Anusara Yoga was founded by yoga teacher John Friend in 1997 and is designed to help people to align with the “divine,” which is the deeper spirituality in the universe. The word “anusara” means “flowing with grace,” “going with the flow,” or “following your heart.” It focuses on the heart and the various poses are expressed from the inside out. The key to this yoga form is that it helps people with discovery, self-examination, and being open to new ideas.
There are three basic principles of Anusara Yoga within the “universal principles of alignment.” The principles include attitude, alignment and action, and they are applied to each of the poses or asanas. Each asama contains balance between freedom and stability, has an awareness of the specific postural alignment, and exhibits the intentions connected to the higher purposes of yoga.
After a session of Anusara Yoga, you will feel all the typical abilities of a regular yoga practice such as flexibility, increased strength, and inner peace.
The groundwork is laid down to structurally shift and improve the mind and body when you practise it with an intention and intelligent awareness. A regular practise makes the body become stronger and more flexible, helps heal injuries faster, and can even out the imbalances. The heart and mind become more softer and resilient, joyous and peaceful, happy and balanced.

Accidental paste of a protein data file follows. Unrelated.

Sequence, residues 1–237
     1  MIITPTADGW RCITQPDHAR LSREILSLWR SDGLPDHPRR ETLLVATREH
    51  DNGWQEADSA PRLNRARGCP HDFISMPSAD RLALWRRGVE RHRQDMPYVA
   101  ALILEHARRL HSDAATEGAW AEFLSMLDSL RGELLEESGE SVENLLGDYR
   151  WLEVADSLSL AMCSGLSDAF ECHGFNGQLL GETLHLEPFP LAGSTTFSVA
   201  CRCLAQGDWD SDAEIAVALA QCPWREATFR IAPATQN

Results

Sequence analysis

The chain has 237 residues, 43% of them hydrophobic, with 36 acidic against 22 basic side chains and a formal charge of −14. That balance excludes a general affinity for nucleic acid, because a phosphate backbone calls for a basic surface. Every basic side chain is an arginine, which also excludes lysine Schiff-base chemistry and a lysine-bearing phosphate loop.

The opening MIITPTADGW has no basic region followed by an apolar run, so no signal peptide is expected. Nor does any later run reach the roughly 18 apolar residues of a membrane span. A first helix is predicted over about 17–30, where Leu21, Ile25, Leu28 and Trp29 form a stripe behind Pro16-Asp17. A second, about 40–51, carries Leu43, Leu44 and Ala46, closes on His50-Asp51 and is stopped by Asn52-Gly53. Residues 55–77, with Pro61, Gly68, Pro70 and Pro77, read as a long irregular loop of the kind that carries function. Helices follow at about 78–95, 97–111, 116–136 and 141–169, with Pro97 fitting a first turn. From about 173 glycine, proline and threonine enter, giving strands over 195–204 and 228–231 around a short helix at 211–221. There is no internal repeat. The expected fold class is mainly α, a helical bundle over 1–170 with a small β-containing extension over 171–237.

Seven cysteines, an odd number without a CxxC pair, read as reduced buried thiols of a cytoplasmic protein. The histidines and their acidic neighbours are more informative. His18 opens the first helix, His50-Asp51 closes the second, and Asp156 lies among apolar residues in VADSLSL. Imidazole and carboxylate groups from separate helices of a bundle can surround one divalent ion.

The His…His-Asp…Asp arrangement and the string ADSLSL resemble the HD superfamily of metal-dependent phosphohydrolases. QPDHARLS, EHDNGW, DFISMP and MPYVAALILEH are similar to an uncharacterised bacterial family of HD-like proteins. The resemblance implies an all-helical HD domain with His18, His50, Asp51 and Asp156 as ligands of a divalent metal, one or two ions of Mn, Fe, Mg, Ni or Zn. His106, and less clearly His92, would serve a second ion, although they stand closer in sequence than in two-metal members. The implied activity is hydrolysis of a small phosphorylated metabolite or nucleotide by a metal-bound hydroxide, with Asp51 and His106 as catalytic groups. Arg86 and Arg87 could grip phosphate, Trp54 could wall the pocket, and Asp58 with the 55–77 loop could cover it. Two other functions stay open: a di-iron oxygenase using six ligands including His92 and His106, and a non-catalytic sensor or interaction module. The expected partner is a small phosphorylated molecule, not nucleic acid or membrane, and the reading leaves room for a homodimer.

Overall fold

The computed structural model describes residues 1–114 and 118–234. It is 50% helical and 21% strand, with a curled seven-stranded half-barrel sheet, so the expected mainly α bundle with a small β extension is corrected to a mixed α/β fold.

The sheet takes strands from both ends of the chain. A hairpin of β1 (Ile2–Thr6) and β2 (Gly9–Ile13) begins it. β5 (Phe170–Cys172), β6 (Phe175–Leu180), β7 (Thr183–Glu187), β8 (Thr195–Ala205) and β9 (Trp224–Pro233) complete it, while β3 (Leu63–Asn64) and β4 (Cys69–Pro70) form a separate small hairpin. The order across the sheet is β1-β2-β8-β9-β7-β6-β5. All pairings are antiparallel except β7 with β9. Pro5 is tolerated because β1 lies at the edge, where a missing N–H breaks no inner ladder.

The following are the seven commonly poses used in Anusara Yoga:
Anusara Yoga classes start with a prayer or centering to recognise the power of grace and spirit that is surrounding us. The classes focus on the heart as a way to express the divine and also to connect to the deep spirituality within. Each pose and movement are carefully aligned with the student’s breathing and the alignment of the pose is thoroughly checked to ensure that it matches the universal principles of alignment. If needed, the yoga teacher adjusts a pose physically or verbally.
In this form of yoga, props can be used to help the student achieve the pose. However, Anusara Yoga is not strict as students are encouraged to practise postural variations to get in touch with their inner creativity and spirit. At the end of the class, Savasana pose is carried out so that the student can honour the spirituality and take in the teachings within themselves.